Bacillary white diarrhoea, known as pullorum, causes widespread death in chickens. It occurs when chicks reach five to seven days old and lasts only four to five days. During that span, infected chicks quickly perish. Any chicks that survive without treatment will become asymptomatic carriers and must be destroyed. Treatments offers only minimal survival numbers, and the disease will continue to persist within the flock.
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Young chicks begin exhibiting symptoms of bacillary white diarrhoea by huddling together with general lethargy. The young bird's faeces has a chalk-white appearance. Often the white faeces will show streaks of green bile. Their vent opening will be matted with fecal residue. The chick may cry and make shrill noises when trying to defecate. It will show difficulty breathing and may begin to gasp for air. Sick chicks will cease to eat.
The hen often transmits acillary white diarrhoea to the egg if she is a carrier. Transmission can also occur from unsanitary conditions, dirty incubators, contaminated feed, living conditions where sick birds resided or chick boxes that have housed infected chicks.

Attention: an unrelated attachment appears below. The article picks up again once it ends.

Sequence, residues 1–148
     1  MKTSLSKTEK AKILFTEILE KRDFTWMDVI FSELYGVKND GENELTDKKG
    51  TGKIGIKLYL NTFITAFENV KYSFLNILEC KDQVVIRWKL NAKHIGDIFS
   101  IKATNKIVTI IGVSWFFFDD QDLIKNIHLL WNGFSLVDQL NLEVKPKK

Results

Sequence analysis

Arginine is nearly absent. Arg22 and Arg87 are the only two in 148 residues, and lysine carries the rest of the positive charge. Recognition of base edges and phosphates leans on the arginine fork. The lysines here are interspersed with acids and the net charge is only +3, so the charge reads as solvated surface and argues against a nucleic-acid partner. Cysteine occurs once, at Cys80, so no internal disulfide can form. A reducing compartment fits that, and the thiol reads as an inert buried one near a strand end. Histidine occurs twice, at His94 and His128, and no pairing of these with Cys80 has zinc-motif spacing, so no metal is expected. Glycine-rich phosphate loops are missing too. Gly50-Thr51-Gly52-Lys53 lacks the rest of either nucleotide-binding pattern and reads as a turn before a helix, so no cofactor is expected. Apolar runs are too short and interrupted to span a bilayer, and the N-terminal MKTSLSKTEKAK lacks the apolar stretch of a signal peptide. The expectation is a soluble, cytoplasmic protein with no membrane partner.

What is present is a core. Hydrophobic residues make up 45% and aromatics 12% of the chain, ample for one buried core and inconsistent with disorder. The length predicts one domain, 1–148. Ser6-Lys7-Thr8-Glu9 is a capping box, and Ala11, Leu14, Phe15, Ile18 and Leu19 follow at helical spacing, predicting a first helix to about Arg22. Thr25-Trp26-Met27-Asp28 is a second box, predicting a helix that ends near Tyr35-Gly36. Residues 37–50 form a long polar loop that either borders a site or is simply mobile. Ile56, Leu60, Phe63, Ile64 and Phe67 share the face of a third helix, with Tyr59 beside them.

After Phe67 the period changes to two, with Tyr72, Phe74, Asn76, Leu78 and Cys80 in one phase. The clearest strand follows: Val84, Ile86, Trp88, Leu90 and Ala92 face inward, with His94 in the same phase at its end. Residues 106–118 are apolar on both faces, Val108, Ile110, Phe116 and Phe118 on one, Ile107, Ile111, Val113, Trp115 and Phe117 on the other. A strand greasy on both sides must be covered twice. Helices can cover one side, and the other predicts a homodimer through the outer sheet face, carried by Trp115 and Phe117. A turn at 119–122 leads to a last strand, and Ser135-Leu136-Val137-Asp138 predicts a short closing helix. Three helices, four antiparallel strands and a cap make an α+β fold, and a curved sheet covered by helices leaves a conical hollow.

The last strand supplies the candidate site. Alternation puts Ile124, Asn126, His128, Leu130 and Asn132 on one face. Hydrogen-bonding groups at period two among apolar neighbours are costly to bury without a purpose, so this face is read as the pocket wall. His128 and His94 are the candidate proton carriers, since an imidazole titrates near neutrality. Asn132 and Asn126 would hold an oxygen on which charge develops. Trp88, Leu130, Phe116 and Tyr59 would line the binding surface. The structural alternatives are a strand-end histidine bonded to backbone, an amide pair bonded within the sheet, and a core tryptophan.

Infected chicks often responds to treatment with antibacterials, antibiotics and sulfonamides. In the United States the disease must be eradicated from flocks, which means that the entire flock must be destroyed by euthanasia. Flock eradication is required by law, according to the University of Florida.
The entire eradication process is promptly handled by state and federal regulatory agencies when a positive diagnosis of bacillary white diarrhoea is made. New flocks will undergo blood testing to determine whether they could be carriers.
Once all infected chicks and chickens have been destroyed, the surrounding area must be thoroughly disinfected because transmission can occur from remaining feather dander, egg shells or droppings. When the area is sanitary the farmer can consider the purchase of new birds. Once new birds are aquired they must undergo testing before egg production to make sure they are not carriers, according to the U.S. Department of Agriculture.
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